Nasdaq races to new high Dow off 11

Intel leads rally in semiconductors

Kodak surges $8.75

July 16, 1998|By BLOOMBERG NEWS

NEW YORK -- U.S. stocks were mixed yesterday, as the Nasdaq composite index set its sixth straight record after bullish sales forecast by Intel Corp.

Investors bought Eastman Kodak Co. and other companies that topped earnings estimates, and punished Caterpillar Inc. and Whirlpool Corp. for falling short.

The Nasdaq soared 26.13, or 1.3 percent, to 1994.54. The index, packed with computer companies, is up 27 percent this year.

The Dow Jones industrial average fell 11.07 to 9,234.47 after topping 9,300 for the first time, and the Standard & Poor's 500 index fell 2.77 to 1,174.81.

Among other broad indexes, the Russell 2,000 index of small capitalization stocks rose 2.35 to 461.98; the Wilshire 5,000 index fell 9.80 to 11,014.60; the American Stock Exchange composite index lost 1.81 to 730.39; and the S&P 400 midcap index added 2.36 to 372.19.

The Sun-Bloomberg Maryland index, which tracks the top 100 Maryland stocks by market valuation, gained .07 to 233.34.

About 15 stocks fell for every 14 that rose on the New York Stock Exchange. About 724 million shares changed hands on the Big Board, well above the three-month daily average of 608 million.

Intel, up $3.5625 to $84.25, led a rally in semiconductor shares. Investors looked beyond weak second-quarter earnings and the drag that Asian economic turmoil has put on sales, and focused instead on the bellwether computer-chip maker's prediction that sales will improve for the rest of the year. The forecast indicated that a worldwide semiconductor slump may be ending.

Eastman Kodak Co. soared $8.75, or 12 percent, to $82.50, its biggest gain since 1990. Profit at the world's largest photography company dropped in each of the past six quarters.

Caterpillar, the world's largest maker of construction equipment, fell $4.25 to $52 after reporting that second-quarter earnings rose less than expected because of weaker Asian sales and higher costs.

Whirlpool, the world's largest appliance maker, fell $5.375 to $63.9375. Its profit from continuing operations of $1.05 a diluted share beat forecasts by a penny, but investors were discouraged by slow sales in Brazil.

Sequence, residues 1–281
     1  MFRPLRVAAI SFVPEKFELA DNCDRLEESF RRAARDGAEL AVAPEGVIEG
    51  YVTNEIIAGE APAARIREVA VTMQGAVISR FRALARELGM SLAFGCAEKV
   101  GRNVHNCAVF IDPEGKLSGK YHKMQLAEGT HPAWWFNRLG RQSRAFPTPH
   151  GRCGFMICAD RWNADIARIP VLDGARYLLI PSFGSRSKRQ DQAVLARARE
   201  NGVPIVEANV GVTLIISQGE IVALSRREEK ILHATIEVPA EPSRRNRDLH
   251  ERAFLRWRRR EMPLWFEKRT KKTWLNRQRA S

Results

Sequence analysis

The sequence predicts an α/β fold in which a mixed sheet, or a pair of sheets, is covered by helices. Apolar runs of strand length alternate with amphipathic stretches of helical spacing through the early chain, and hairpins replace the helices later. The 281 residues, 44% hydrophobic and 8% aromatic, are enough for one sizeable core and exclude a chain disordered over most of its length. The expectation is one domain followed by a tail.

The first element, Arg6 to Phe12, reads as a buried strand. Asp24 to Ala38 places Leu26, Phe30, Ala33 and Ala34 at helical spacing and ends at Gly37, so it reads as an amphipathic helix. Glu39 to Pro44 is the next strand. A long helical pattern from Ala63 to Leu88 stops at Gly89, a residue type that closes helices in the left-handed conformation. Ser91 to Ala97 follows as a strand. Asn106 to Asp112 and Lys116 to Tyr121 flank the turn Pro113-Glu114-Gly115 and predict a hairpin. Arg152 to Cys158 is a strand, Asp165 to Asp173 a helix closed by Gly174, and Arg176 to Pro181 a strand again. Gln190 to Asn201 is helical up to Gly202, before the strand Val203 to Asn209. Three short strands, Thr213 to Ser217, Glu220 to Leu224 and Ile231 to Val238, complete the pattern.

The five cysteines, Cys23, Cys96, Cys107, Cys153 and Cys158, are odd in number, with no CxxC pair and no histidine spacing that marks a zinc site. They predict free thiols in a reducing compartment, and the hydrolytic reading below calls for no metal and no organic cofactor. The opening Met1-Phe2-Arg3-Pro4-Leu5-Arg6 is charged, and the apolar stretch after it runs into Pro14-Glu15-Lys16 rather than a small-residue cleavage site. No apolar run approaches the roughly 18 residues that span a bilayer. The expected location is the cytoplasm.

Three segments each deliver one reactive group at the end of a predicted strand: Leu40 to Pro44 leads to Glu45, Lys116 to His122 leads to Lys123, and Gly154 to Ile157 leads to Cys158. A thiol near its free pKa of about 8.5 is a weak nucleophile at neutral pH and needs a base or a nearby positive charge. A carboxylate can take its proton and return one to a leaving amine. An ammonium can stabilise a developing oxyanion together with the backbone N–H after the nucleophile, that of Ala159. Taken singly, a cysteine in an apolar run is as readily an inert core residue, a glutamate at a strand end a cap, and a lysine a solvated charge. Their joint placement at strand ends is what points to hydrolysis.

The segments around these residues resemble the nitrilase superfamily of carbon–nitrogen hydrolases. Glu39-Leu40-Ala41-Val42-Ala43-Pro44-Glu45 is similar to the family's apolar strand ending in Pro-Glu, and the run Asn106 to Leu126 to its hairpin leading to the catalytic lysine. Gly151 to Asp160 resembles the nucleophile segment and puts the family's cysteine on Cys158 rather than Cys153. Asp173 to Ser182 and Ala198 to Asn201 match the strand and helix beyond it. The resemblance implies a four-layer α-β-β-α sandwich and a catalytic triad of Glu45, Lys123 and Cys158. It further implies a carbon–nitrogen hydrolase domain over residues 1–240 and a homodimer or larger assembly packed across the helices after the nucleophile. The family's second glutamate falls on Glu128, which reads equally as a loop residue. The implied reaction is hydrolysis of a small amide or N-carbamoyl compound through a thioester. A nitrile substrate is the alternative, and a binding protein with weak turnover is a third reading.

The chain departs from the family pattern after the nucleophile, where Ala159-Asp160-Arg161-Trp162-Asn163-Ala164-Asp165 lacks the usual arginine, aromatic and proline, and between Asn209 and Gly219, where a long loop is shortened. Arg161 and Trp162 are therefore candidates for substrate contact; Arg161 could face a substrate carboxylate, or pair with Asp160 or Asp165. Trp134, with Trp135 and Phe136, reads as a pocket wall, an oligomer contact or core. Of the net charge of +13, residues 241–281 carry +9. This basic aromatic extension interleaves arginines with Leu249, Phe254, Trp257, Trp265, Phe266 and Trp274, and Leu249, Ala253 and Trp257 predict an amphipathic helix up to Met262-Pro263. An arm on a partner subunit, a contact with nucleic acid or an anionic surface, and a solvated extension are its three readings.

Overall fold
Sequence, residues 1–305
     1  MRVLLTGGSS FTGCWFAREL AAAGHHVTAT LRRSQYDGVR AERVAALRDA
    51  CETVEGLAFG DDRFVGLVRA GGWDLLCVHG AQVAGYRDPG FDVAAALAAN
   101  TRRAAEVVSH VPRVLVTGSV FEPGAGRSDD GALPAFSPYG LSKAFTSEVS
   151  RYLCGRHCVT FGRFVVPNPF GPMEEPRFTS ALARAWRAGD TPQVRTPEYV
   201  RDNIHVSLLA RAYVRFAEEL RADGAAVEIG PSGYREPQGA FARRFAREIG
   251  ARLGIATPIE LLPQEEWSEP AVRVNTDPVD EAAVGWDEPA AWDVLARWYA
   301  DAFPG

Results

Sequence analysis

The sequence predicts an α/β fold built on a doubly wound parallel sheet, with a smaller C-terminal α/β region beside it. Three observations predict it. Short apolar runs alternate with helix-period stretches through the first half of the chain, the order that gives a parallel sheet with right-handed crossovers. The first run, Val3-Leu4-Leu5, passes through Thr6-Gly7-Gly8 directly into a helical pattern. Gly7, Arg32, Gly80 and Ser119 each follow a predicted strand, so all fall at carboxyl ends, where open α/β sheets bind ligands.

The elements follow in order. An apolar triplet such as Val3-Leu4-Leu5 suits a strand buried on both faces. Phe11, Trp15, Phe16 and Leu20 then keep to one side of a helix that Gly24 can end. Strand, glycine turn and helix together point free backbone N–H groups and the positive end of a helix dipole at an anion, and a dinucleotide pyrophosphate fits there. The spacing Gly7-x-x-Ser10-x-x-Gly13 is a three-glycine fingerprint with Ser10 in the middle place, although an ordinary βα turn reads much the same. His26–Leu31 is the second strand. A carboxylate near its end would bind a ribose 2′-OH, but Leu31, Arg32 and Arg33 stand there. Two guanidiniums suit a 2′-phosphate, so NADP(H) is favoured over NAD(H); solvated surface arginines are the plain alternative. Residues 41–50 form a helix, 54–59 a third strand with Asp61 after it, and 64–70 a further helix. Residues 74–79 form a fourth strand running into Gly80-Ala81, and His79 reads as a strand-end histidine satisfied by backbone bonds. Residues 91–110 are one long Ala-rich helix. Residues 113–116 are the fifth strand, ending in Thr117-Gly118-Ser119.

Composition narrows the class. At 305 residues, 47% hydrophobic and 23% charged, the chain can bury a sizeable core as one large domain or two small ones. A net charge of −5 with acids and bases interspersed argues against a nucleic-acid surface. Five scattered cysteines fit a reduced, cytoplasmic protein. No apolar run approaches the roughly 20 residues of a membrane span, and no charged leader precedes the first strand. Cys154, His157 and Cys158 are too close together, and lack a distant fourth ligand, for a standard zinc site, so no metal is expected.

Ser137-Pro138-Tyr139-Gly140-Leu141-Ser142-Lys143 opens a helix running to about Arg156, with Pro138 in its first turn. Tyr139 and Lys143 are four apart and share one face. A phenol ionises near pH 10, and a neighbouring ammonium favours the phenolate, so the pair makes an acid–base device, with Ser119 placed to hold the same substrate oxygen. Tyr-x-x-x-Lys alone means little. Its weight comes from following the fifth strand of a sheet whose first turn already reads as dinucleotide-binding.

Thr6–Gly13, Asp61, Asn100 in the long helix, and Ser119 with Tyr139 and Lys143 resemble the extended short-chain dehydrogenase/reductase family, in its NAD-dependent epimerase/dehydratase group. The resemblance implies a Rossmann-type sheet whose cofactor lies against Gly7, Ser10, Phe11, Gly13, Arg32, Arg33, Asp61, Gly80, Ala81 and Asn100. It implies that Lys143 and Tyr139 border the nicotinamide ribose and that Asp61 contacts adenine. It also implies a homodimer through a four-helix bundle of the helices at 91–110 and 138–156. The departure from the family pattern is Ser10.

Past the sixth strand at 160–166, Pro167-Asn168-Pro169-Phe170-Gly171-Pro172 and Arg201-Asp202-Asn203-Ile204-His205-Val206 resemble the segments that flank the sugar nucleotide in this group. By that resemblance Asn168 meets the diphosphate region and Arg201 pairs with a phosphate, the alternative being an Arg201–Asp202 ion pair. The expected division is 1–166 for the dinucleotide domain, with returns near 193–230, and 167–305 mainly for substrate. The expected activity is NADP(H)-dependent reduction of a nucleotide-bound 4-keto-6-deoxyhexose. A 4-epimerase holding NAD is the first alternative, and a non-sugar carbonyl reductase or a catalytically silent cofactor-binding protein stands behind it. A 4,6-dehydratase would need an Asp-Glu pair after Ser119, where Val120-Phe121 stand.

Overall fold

Drugmakers declined, dragging the market down from early highs. Pfizer Inc. fell $2.50 to $116; Eli Lilly & Co. skidded $2 to $63.125; and Schering-Plough Corp. lost $1.0625 to $102.625.

Bank shares also dropped. BankAmerica Corp. lost $2.75 to $96.5625; NationsBank Corp. fell $1.875 to $86; and Citicorp dropped $2.875 to $174.

Ford Motor Co. fell $1 to $59.50 after the nation's No. 2 automaker's earnings came in at less than some investors expected.

Compaq Computer Corp., the world's largest computer maker, fell 12.5 cents to $33.1875, after reporting better-than-expected second-quarter profit of 2 cents a share as it cleared out a glut of machines that dragged down first-quarter earnings.

Time Warner Inc. rose $1.875 to a record $93.125 after the world's largest media company reported second-quarter profit of 4 cents a share after the payment of preferred dividends. Analysts expected a loss of 4 cents.

Aluminum Co. of America, one of the 30 Dow industrials, rallied $3.75 to $72.375, after the world's largest aluminum producer said it will cut $1.1 billion in costs by the end of 2000.

Cable television stocks jumped after Morgan Stanley Dean Witter & Co. analyst Richard Bilotti said the share prices should be higher to reflect the potential of providing telephone services via cable systems, and the lower interest rates that make it cheaper to finance the business.

Comcast Corp. rose 81.25 cents to $48.0625; Cox Communications Inc. gained $3.25 to $50.5625; Cablevision Systems Corp. rallied $1.1875 to $89.6875; and Tele-Communications Inc. jumped $1.375 to $41.375.

Pub Date: 7/16/98

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